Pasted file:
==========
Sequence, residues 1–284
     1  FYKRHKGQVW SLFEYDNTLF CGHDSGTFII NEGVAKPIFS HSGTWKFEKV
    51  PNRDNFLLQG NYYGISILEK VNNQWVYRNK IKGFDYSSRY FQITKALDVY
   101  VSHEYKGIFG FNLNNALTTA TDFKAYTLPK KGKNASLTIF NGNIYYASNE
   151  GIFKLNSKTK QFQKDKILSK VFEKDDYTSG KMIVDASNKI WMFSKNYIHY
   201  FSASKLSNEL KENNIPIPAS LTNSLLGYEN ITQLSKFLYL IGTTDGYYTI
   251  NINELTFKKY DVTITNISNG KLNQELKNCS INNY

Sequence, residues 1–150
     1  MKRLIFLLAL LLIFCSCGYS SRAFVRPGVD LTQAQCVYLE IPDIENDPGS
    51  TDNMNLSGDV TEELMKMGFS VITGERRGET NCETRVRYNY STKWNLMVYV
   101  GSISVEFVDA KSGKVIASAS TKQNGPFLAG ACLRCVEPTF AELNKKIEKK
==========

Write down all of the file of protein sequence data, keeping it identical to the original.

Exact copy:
Sequence, residues 1–284
     1  FYKRHKGQVW SLFEYDNTLF CGHDSGTFII NEGVAKPIFS HSGTWKFEKV
    51  PNRDNFLLQG NYYGISILEK VNNQWVYRNK IKGFDYSSRY FQITKALDVY
   101  VSHEYKGIFG FNLNNALTTA TDFKAYTLPK KGKNASLTIF NGNIYYASNE
   151  GIFKLNSKTK QFQKDKILSK VFEKDDYTSG KMIVDASNKI WMFSKNYIHY
   201  FSASKLSNEL KENNIPIPAS LTNSLLGYEN ITQLSKFLYL IGTTDGYYTI
   251  NINELTFKKY DVTITNISNG KLNQELKNCS INNY

Sequence, residues 1–150
     1  MKRLIFLLAL LLIFCSCGYS SRAFVRPGVD LTQAQCVYLE IPDIENDPGS
    51  TDNMNLSGDV TEELMKMGFS VITGERRGET NCETRVRYNY STKWNLMVYV
   101  GSISVEFVDA KSGKVIASAS TKQNGPFLAG ACLRCVEPTF AELNKKIEKK